[Beowulf] A start in Parallel Programming?

Jim Lux James.P.Lux at jpl.nasa.gov
Tue Mar 13 12:04:08 PDT 2007

At 10:42 AM 3/13/2007, Jeffrey B. Layton wrote:
>Glen Beane wrote:
>>Kyle Spaans wrote:
>>does that mean I
>>>should suck it up and learn Fortran/C/C++?
>Ouch this hurts! I've gotten the same rubbing from RGB. I hate to
>say it, but I'm a Fortran programmer ("Hi! My name is Jeff and I'm
>a Fortran programmer. Hi! Jeff!").

I'm with you brother Jeff! I grew up programming in FORTRAN, and I 
still believe in it for those sorts of applications where it's 
appropriate.  I'd hate to have to write (another) parser in FORTRAN.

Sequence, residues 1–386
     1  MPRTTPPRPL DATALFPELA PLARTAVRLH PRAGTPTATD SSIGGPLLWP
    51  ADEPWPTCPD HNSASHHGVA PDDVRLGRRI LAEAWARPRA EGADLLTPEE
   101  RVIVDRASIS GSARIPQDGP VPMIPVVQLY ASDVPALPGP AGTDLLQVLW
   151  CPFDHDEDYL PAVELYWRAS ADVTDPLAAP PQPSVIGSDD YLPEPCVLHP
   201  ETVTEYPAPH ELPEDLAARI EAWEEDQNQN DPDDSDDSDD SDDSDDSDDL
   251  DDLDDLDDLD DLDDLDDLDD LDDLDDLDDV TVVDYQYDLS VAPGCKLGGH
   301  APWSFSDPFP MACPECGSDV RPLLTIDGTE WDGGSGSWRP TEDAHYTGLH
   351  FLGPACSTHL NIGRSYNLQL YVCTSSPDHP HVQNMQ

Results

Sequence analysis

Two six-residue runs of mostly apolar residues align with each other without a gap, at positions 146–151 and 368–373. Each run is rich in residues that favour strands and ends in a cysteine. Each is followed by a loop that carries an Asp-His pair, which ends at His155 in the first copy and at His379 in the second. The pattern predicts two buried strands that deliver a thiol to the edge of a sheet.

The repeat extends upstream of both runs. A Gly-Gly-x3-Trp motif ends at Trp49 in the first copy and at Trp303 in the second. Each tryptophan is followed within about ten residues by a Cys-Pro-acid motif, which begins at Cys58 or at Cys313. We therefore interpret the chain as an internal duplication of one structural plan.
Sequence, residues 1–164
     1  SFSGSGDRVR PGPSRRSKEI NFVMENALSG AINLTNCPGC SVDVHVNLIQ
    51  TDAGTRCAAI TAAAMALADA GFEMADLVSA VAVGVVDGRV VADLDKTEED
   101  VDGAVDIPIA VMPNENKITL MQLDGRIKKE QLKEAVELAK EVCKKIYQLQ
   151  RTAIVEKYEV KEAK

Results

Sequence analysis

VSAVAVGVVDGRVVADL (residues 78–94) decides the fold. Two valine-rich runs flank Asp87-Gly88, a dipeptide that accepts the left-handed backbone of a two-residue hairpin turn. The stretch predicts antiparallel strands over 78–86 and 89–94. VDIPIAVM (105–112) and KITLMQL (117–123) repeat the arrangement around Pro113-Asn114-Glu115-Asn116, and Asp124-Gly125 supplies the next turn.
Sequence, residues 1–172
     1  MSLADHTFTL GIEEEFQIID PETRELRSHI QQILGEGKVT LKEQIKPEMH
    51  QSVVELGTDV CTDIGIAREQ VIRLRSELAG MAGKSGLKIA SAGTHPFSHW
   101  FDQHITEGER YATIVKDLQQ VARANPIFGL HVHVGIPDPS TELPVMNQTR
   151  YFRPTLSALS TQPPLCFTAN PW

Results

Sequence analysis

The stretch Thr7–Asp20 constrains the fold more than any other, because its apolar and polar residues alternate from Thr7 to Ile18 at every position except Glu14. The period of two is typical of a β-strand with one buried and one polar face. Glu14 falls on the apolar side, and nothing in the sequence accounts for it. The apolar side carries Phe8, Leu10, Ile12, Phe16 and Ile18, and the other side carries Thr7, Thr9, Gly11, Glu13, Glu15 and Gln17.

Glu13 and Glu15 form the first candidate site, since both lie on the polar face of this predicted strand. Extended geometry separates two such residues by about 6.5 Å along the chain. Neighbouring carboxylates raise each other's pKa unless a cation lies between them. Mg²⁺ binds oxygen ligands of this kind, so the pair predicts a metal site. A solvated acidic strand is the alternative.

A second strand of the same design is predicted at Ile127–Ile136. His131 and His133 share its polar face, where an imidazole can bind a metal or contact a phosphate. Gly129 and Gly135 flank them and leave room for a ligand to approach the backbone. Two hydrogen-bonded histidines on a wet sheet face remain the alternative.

Yes, one can write a scheduler/kernel in FORTRAN, but it's not 
pretty.  Anything with lots of list management is sort of a pain in 
FORTRAN (at least as of the 80s.. I believe newer versions have 
pointers and dynamic memory allocation)

>The recent development of Fortran has been remarkable. Considering
>the world was stuck with Fortran77 for many, many years, the new
>features of Fortran are quite refreshing. If you really want you can even
>do OO programming with Fortran (some of it is very useful IMHO).
>I know this will set off a language war, but I've found that anything
>technical or scientific I need to code is always easier in Fortran than
>anything else (well except Matlab, but I usually prototype in Matlab
>and move to Fortran for extra speed). For many other tasks, I use
>Python or bash or perl or whatever I have handy.
>So my general opinion about coding for clusters is to use whatever you
>want. You can usually find thread libraries or MPI libraries for that
>language. Of course, it's always best if you code in Fortran :)
Jim Lux 

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